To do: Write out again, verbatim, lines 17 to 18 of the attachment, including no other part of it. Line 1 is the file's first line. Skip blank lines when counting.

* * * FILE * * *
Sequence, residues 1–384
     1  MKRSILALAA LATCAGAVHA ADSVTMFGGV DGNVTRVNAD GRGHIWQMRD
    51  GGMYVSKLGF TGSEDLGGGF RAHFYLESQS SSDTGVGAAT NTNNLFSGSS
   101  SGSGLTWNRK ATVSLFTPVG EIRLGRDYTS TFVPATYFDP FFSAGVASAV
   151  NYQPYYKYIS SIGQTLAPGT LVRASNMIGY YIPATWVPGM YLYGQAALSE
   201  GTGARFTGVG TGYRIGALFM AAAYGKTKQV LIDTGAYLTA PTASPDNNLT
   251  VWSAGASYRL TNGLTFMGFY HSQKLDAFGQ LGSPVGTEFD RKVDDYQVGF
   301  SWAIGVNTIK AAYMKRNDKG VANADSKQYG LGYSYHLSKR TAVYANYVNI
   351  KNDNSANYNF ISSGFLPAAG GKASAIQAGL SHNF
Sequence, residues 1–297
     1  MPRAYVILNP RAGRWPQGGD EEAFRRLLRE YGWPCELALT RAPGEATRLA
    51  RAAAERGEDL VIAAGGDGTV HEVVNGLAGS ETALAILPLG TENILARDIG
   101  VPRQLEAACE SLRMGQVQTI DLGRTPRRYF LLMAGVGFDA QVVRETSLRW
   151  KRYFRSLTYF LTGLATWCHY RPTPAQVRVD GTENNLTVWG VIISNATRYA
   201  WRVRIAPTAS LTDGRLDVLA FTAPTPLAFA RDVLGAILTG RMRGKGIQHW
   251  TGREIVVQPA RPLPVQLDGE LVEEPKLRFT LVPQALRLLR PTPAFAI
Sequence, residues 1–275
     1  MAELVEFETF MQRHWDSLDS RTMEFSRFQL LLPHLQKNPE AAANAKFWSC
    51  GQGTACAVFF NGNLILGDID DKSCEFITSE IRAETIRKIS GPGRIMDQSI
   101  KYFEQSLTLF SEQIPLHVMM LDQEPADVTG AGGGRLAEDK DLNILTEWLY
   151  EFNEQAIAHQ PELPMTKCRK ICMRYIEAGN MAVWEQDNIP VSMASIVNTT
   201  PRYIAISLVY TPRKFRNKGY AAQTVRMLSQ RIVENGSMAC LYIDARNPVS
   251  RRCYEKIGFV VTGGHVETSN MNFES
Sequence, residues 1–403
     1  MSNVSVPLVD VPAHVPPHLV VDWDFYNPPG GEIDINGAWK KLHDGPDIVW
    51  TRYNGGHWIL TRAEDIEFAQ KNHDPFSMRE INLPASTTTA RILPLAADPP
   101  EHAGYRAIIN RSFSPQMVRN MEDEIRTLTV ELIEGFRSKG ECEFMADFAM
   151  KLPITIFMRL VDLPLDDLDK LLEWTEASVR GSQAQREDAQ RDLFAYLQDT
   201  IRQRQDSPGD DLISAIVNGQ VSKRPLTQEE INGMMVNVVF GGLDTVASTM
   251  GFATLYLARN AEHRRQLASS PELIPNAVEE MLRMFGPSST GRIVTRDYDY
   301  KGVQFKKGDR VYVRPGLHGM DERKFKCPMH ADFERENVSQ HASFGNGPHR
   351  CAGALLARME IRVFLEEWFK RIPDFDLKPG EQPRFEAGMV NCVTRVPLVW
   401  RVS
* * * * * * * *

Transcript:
Sequence, residues 1–275
     1  MAELVEFETF MQRHWDSLDS RTMEFSRFQL LLPHLQKNPE AAANAKFWSC